My interests revolve broadly around perception and experience of religious texts. My areas of specialization include Islamic Studies, the Qur’an and Qur’anic Studies, Islam and music, and Sensory Studies in the study of religion. My current project is a book on meaning and experience across the sound, text, and performance of the recited Qur’an called, Recite! Aesthetics and Experience of the Recited Qur’an. In this work, I take a combined hermeneutic and ethnographic approach in considering the recited Qur’an in a wide range of contexts, illuminating the theoretical possibilities for interrelationships and discontinuities between different realms of meaning. In my research and teaching more broadly, I am interested in interactions between discursive and non-discursive meanings of religious texts—the Qur’an most specifically—, as well as sense experience within Islamic Studies and Religious Studies. I am currently the co-chair of the Qur’an Unit in the American Academy of Religion.
Medieval Arabic Poetry, Qur’anic language, Semitic linguistics
Modern Arabic Literature and Criticism; Qur’anic Studies; Film; Comparative Literary Trends in Colonial and Post-Colonial Arab World and Europe.
Dale J. Correa, PhD, is the Middle Eastern Studies Librarian and History Coordinator for the University of Texas Libraries, the University of Texas at Austin. She serves as the liaison to the Department of History, the Department and Center for Middle Eastern Studies, and the Islamic Studies Program. Dr. Correa specializes in Islamic legal theory, theology, philosophy, and Qur’anic studies, with a particular interest in the intellectual tradition of the eastern regions of the Islamicate empire (namely, Transoxania, which is today in Uzbekistan/Tajikistan). Her research, although rooted in the 10th-12th centuries CE, extends to contemporary conceptions of what it means to be Muslim, particularly in Eurasia. Her current book project examines the development and flourishing of the Transoxanian approach to testimony, or communication: that is, the transmission of knowledge of a past event by agents over time and space. This study brings together Qur’anic exegesis, Islamic legal theory, and Islamic theology with contemporary approaches to epistemology, philosophy of language and the mind, and logic to examine the consequences of positing epistemology as a confessional boundary.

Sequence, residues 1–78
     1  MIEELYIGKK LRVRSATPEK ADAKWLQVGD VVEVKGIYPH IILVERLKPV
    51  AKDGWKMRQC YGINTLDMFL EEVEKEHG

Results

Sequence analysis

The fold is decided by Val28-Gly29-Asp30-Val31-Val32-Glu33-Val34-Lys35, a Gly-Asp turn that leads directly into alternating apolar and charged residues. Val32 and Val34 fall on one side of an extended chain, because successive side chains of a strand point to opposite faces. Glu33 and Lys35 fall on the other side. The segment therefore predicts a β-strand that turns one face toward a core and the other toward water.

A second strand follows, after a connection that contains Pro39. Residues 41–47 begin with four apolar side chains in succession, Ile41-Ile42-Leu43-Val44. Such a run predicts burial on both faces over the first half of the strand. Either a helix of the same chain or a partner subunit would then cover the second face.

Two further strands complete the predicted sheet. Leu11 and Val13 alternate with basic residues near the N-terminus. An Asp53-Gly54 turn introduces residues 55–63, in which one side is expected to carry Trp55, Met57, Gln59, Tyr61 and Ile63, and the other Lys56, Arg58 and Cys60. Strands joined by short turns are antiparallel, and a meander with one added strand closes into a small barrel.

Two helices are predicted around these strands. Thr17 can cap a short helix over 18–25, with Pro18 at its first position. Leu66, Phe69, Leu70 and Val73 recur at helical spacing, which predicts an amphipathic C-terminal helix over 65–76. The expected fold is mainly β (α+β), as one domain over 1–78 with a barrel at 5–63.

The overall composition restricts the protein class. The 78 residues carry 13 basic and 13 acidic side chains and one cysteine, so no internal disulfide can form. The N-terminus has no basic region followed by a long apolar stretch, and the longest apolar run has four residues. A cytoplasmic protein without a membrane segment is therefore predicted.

Dr. Liran Yadgar, the UCLA Viterbi Visiting Professor/Postdoctoral Scholar in Mediterranean Jewish Studies, earned his B.A. and M.A. from Tel Aviv University, and received his Ph.D. from the University of Chicago in 2016. His research examines the history of Jewish communities in the Mamluk Sultanate of Egypt and Syria (1250-1517), and Jewish-Muslim interaction and intellectual exchange during the Late Middle Islamic Period. He currently is working on his first book about the representations and knowledge of Jews, Judaism, and the Hebrew Bible in the works of two prominent theologians of fourteenth-century Damascus, Ibn Taymiyya and Ibn Qayyim al-Jawziyya. Previously Yadgar served as the Jacob and Hilda Blaustein Postdoctoral Associate in the Judaic Studies Program of Yale University. Email: firstname.lastname@example.org Academia.com homepage: https://ucla.academia.edu/LiranYadgar The Viterbi Family Program in Mediterranean Jewish Studies: http://www.cjs.ucla.edu/mediterranean-studies/
Michael E. Pregill is a scholar of comparative religion, focusing on the scriptural cultures of Late Antiquity and the Middle Ages. Much of his research focuses on the reception of biblical, Jewish, and Christian traditions in the Qur’an and Islam. He lives and teaches in Los Angeles, California.